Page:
Published August 16, 2013
Kirstie A. Cummings, a PhD student studying in the lab of Gabriela K. Popescu, PhD, associate professor of biochemistry, has been awarded a highly competitive, three-year fellowship from the National Institute of Neurological Disorders and Stroke.
The approximately $150,000 Ruth L. Kirschstein F31 National Research Service Award for Individual Predoctoral Students supports training for a promising researcher in a health-related area.
Nationally, 500 students with the potential to become productive, independent investigators received new F31 awards in fiscal year 2012 through the National Institutes of Health (NIH).
Cummings’ fellowship award will allow her to research the functional mechanisms of a novel type of glycinergic N-methyl-D-aspartate receptors. These excitatory brain receptors are required for learning and memory formation, but are also implicated in schizophrenia.
“I want to determine what it is that makes these receptors so functionally diverse,” says Cummings.
Her research may provide insight that could lead to the development of drug therapies to address symptoms of schizophrenia.
The NIH reviewers rated Cummings’ application as “outstanding,” scoring it in her batch’s top 14th percentile.
“The application addresses an interesting topic,” reviewers noted, and they cited Cummings’ “hypothesis-driven research plan with supportive preliminary data” and “well-designed set of experiments.”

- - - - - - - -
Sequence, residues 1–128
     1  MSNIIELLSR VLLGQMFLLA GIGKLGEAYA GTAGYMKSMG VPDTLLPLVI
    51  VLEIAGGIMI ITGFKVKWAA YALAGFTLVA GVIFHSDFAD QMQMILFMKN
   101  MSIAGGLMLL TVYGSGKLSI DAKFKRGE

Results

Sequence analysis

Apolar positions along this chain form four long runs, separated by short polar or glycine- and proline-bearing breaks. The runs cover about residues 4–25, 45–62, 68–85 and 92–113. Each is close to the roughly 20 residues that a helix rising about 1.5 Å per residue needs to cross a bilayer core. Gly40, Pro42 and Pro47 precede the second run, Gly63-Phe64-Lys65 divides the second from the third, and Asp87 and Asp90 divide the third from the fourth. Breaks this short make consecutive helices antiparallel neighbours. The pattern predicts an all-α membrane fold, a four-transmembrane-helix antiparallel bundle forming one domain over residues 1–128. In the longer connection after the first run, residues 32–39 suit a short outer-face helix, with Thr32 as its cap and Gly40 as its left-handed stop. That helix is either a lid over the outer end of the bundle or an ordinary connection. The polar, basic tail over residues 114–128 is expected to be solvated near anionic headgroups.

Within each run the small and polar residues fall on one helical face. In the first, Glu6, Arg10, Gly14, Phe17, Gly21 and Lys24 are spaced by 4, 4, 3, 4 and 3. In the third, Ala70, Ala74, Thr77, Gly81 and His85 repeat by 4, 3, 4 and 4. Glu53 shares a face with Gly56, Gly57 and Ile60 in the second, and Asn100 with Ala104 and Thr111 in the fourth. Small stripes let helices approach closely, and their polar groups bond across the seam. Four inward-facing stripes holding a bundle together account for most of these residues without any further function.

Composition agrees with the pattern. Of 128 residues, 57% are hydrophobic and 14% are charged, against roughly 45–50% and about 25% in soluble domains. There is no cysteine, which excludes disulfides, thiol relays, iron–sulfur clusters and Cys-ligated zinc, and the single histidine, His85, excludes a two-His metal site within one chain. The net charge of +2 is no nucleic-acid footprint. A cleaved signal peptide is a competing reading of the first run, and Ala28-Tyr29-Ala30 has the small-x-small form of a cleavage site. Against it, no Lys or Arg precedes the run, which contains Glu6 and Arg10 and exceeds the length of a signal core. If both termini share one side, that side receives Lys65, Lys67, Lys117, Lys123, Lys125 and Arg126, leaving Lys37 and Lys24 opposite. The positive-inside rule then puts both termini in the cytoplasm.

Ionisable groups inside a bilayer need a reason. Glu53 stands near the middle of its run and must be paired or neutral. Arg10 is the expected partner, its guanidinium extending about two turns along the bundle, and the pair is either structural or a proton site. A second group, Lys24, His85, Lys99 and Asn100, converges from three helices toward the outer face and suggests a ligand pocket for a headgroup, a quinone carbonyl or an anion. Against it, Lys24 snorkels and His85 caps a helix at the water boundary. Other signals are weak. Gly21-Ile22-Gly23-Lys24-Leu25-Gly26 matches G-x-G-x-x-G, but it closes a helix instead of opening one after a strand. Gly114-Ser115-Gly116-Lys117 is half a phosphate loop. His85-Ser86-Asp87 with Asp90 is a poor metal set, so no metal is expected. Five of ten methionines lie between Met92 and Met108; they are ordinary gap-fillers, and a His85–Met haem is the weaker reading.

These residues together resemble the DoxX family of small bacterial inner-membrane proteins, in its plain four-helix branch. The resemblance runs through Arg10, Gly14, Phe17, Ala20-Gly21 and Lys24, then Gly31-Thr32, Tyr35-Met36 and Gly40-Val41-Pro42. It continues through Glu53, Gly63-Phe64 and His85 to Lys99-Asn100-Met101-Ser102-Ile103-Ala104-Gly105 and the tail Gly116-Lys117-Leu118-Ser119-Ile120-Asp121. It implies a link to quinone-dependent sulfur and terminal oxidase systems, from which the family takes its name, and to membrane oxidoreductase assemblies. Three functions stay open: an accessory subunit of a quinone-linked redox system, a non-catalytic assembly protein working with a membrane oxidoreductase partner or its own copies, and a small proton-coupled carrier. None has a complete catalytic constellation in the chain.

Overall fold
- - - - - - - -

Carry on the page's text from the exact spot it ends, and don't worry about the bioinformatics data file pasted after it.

In addition, reviewers praised Cummings’ plan for personalized training with her mentor, noting she will acquire skills in advanced electrophysiology.
Cummings says her “unique experiences” at UB as well as university resources for student researchers helped her develop a successful fellowship application.
She adds that engaging and supportive faculty members, thoughtful input from committee members and a highly supportive environment in Popescu’s lab also contributed to her success.
“Dr. Popescu is always receptive to my ideas and allows me to take directions that I am most interested in, while keeping me focused and on track,” Cummings notes. “I have gained a great deal of knowledge and confidence,” she adds.
Cummings also has benefited from UB’s Collaborative Learning and Integrated Mentoring in the Biosciences (CLIMB) program.
This professional development program for PhD students organized a mock NIH study section in which Cummings participated. The experience allowed her to receive preliminary feedback from faculty members prior to submitting her proposal.
Cummings is the fourth trainee in Popescu’s lab to win predoctoral or postdoctoral NIH fellowships, an accomplishment Popescu credits primarily to her students’ innate abilities and hard work.
“Kirstie is a particularly talented, enthusiastic and organized aspiring scientist,” Popescu says. “She is independent in her thinking, courageous in her experimental approach and generous with her knowledge.”
Three UB predoctoral students currently have F31 NIH support for their research, including two in the School of Medicine and Biomedical Sciences: Meaghan Paganelli, a neuroscience student who researches in Popescu’s lab, and Emily Clementi, who works with Anders Hakansson, PhD, assistant professor of microbiology and immunology.